The latitude/longitude coordinates MaGee obtained were within feet of where Plush would be found dead later that night.
Did officer have access to those coordinates, and could that information have helped them locate Plush?
"There's no reason why Uber should have more specificity than our emergency response system," Councilman P.G. Sittenfeld said.
However, speakers including Black and former Assistant Police Chief David Bailey said faulty technology was not necessarily the issue; indeed, the issue might lie in over-reliance on technology investment as a cure-all to problems that originated in the way personnel were trained and treated.
"We've got all these systems," Bailey said. "What do you do with them?"
Did the officers get out of their patrol vehicle to search?
Footage from Osborn's and Brazile's body-worn cameras does not show them ever exit their vehicle to look for Plush.
The two videos show about 3 minutes of the search from two different perspectives. Isaac previously said the officers spent about 11 minutes searching but didn't find anything.
Cincinnati Police Department spokeswoman Tiffany Hardy said the videos are the entirety of what was recorded.
Sgt. Dan Hils, police union president, said they turned off their cameras when they talked with a Hamilton County deputy who directs traffic at the school.
According to department policy, officers will activate their cameras when arriving on scene for all calls for service. They may deactivate the camera after clearing a call.
There is also dash cam video from the patrol vehicle, but that's not yet been released.
It's unclear if Osborn or Brazile ever came back on the radio to ask for clarification about the caller or vehicle. They tried calling Plush's cellphone, but got no answer.
The priority on the dispatch run was "yellow," while the alarm level was "normal."
Did anyone search the lot where Plush's van was parked?
The deputy who directs traffic at the school said he looked in the thrift store parking lot but only saw one van -- and it wasn't Plush's. In talking with Cincinnati's 911 center, he indicated he believed he was looking for a woman -- apparently from MaGee's notes that Plush was a female caller.
A security camera points out toward the lot. If that camera is in working order, its footage has not been shared with the public yet.
Also, it's possible the deputy might not have considered where Plush parked to be part of the "thrift store" parking lot itself: Two lots on the same side of the street are connected, but Plush's van was parked in the lot that's farther north, not immediately in front of the store.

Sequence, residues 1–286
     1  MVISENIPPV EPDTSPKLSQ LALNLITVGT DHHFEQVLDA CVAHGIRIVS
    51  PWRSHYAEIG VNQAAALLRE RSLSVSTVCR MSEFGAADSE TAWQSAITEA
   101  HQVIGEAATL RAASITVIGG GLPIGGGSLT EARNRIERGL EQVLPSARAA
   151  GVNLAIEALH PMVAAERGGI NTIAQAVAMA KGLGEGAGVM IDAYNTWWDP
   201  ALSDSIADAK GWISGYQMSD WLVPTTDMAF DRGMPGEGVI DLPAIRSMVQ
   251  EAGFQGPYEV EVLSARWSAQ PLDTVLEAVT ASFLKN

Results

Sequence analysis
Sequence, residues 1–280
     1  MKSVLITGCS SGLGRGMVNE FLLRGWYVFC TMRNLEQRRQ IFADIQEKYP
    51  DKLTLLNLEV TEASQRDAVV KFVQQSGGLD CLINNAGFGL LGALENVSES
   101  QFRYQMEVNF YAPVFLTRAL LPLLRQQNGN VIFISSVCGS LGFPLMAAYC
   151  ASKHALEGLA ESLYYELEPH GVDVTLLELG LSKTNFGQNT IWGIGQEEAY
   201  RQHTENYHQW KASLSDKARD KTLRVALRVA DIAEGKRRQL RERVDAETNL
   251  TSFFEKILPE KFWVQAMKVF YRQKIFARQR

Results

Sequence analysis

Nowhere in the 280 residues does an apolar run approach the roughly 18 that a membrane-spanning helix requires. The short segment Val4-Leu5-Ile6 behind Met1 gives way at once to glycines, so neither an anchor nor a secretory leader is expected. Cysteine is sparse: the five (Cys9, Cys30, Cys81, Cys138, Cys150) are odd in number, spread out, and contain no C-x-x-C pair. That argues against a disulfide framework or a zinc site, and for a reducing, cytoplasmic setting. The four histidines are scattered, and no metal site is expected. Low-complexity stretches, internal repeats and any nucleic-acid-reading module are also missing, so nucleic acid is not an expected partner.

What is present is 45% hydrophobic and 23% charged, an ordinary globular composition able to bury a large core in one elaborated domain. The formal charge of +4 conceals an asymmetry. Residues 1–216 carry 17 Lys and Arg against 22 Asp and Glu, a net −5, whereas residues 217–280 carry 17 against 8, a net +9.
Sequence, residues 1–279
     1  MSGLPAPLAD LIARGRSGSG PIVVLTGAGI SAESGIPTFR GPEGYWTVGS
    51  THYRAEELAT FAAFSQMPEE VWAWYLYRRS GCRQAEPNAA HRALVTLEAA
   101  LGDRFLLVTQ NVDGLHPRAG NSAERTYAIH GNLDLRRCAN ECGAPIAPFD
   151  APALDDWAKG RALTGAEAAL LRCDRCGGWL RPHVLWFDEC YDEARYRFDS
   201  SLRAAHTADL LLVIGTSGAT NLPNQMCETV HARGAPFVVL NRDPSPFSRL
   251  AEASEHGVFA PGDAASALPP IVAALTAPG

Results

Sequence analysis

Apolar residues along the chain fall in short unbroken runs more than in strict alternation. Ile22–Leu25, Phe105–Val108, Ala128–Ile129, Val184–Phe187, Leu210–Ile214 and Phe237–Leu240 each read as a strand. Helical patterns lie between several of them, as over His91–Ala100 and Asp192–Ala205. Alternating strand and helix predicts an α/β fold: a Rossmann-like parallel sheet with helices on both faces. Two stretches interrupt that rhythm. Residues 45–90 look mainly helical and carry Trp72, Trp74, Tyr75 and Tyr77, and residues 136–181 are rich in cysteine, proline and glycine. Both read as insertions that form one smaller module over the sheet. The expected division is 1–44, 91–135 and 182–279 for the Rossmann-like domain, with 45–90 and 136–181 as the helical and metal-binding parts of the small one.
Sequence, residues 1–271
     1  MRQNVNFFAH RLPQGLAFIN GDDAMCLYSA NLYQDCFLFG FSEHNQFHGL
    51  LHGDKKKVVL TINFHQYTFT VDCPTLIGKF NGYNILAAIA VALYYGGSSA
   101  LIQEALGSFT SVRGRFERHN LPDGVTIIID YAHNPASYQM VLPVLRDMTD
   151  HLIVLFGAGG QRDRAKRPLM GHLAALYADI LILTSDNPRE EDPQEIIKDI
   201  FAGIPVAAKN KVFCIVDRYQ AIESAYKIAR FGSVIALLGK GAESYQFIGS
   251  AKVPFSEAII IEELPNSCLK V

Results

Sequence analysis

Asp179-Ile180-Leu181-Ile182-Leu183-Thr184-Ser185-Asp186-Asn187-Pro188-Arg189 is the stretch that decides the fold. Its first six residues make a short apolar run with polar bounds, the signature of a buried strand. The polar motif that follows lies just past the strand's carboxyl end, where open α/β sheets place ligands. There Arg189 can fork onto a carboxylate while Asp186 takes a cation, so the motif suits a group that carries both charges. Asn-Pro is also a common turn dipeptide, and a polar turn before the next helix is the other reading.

Were any school personnel notified about Plush's call?
Seven Hills School leaders have not said what happened during the Plush incident beyond a statement expressing condolences.
Two officers talked with the deputy about why they came to the school. But we don't yet know if anyone contacted school personnel to explain the search.
And are there procedures in place to communicate with school administrators if a 911 call comes from their campus?
Could software changes have saved him?
Hamilton County Prosecutor Joe Deters, who launched his own investigation, claimed there are simple software changes the city of Cincinnati could make "right now" that would've prevented Plush's death. The city hasn't detailed those changes in its multiple hearings about the 911 center over the past few weeks.
The Cincinnati Fire Department uses a GPS-based system to locate the vehicle nearest to an emergency scene, for faster dispatching. It's not clear if the police department uses that same technology.
Lt. Steve Saunders, police spokesman, said there is no GPS tracking on patrol vehicles, though it's used in other city equipment such as snow plows.
Who is at fault?
This is perhaps the biggest question of all.
Did a component in the minivan malfunction? Did 911 operators and dispatchers do enough to help Plush? Did officers follow procedure in their search? Should someone at the school have noticed Plush was missing?
Or, as former city manager Harry Black hinted last month, was Plush's death a combination of many small failures that compounded into a tragedy -- a so-called "sentinel event" when "bad things happen in a complex system." According to the National Institute of Justice, such events can point to underlying weaknesses in that system.